No matter how Californians vote on marijuana legalization next month, U.S. Attorney General Eric Holder says the federal government will still consider it illegal. The U.S. Supreme Court says federal law trumps state law. That would give drug enforcement agents the right to arrest adults with recreational pot, even if Proposition 19 passes.
In August, all nine former heads of the federal Drug Enforcement Administration signed a letter to Holder seeking his position on the California ballot measure. Former administrator Robert Bonner read part of Holder’s response that says, “…the Department of Justice firmly opposes Prop 19.”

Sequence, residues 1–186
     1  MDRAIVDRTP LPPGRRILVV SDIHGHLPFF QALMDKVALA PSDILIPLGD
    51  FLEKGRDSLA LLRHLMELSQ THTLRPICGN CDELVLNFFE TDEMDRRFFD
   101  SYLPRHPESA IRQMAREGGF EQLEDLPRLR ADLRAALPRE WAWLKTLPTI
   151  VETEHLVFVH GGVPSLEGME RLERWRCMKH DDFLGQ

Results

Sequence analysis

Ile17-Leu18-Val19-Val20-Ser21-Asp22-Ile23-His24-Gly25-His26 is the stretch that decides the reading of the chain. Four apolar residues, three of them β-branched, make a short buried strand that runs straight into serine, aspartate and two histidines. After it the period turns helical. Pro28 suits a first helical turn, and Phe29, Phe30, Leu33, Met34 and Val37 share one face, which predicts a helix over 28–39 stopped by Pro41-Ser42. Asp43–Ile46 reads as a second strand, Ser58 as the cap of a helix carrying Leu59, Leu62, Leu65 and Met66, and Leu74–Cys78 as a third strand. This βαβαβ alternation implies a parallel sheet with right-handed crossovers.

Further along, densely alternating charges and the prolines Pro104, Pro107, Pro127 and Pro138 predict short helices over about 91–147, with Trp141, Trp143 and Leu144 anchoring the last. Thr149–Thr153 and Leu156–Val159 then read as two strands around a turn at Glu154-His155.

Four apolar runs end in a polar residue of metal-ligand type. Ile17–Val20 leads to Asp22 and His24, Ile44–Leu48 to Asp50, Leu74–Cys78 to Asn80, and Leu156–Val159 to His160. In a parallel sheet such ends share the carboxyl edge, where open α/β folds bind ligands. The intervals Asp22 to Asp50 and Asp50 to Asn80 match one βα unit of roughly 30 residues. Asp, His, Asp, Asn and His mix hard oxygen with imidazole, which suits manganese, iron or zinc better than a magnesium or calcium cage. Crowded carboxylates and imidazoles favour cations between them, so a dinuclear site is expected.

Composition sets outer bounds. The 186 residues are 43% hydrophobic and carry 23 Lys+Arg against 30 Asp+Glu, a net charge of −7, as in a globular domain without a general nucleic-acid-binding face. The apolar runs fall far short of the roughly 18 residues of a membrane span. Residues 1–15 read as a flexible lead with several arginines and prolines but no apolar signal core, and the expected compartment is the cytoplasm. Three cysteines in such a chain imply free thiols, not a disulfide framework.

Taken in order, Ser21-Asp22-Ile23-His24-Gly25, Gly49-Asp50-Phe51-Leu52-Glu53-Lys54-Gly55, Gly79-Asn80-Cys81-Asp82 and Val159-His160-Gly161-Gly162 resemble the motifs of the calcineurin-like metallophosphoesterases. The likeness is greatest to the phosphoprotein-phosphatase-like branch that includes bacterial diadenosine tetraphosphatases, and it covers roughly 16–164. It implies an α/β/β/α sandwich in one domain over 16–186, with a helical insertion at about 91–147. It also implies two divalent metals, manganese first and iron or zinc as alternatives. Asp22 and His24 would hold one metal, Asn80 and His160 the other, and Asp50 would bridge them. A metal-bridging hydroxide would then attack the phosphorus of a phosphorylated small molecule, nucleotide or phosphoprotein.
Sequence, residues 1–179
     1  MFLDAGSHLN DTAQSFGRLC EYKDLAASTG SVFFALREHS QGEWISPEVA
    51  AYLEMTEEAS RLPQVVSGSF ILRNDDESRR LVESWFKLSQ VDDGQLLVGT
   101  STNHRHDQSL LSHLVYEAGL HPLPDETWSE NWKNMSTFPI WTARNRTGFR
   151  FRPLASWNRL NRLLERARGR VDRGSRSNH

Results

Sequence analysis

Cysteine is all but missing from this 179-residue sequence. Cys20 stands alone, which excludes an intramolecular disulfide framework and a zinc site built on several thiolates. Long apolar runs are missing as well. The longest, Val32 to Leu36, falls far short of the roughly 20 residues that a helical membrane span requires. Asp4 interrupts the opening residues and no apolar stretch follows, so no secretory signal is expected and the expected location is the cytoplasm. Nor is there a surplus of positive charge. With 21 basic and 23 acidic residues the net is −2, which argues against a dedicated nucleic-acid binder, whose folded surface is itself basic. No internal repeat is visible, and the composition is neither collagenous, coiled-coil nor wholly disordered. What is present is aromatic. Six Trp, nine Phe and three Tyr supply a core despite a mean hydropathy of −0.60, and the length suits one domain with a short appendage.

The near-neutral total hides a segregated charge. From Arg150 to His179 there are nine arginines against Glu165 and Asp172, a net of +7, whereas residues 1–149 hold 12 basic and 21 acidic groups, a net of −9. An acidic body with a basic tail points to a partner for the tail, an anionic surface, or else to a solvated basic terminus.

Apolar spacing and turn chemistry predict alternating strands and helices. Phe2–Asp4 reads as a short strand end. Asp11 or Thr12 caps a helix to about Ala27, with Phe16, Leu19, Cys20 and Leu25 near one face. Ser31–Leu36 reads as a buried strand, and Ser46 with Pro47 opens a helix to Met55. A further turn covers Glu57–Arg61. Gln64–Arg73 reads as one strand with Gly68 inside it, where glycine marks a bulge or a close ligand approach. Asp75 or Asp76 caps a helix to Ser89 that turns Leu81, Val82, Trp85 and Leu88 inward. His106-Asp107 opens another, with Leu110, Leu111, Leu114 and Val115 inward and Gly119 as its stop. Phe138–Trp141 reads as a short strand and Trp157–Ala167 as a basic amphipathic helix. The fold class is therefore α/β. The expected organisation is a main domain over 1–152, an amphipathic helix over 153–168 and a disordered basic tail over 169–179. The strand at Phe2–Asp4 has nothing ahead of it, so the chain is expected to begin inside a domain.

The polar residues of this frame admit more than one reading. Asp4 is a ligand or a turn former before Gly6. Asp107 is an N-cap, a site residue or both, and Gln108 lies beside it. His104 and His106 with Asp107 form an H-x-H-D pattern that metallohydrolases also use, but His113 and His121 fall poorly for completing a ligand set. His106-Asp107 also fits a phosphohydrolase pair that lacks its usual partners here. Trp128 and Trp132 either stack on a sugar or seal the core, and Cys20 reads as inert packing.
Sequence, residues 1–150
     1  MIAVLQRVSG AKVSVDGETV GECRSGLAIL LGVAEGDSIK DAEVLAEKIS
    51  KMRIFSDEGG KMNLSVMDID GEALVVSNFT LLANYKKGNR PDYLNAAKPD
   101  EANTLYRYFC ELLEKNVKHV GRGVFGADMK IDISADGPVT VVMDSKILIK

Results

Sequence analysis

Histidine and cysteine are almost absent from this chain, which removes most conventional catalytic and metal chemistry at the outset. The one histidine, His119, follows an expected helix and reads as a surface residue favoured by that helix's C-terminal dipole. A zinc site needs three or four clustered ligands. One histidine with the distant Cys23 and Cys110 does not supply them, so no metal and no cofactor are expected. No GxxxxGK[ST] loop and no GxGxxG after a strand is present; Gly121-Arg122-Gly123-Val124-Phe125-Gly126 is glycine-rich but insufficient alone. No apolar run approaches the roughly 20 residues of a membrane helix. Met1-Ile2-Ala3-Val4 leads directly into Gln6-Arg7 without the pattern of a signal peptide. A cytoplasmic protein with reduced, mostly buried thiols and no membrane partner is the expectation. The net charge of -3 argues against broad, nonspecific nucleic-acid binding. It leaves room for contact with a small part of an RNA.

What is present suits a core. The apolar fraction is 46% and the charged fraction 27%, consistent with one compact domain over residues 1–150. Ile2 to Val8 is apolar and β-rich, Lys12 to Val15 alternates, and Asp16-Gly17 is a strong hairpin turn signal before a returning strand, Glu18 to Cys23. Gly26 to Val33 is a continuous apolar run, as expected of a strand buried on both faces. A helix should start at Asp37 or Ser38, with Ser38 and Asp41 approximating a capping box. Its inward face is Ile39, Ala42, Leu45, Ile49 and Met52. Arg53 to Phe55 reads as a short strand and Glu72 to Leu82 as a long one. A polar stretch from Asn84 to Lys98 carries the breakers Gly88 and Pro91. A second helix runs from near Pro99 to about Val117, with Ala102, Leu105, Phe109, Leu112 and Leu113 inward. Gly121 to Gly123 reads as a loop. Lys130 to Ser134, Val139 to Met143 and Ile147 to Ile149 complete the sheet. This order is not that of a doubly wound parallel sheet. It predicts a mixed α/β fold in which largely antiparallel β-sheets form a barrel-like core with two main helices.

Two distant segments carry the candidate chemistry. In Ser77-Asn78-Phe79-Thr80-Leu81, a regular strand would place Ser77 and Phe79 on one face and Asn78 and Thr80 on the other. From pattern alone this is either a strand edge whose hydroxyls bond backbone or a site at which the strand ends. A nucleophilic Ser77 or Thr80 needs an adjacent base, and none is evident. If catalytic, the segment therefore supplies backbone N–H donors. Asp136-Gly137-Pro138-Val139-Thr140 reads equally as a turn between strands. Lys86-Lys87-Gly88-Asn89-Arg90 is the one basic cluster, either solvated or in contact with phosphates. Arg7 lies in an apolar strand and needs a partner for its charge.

“Attorney General Holder also very clearly states that if Proposition 19 passes, the U.S. Department of Justice will vigorously enforce, and I’m using his terms, the federal laws that still make it a crime to sell, traffic, distribute and commercially cultivate marijuana.”
Law enforcement officials including Los Angeles County Sheriff Lee Baca stood alongside Bonner as he shared Holder’s letter with reporters today at sheriff's headquarters. Baca says his department will continue to work with federal agents whether or not Prop 19 passes.
The Yes on Prop 19 campaign says politicians don’t have their priorities straight. Organizers who favor legal marijuana say a “yes” vote would push the federal government to revamp failed and costly drug-enforcement policies.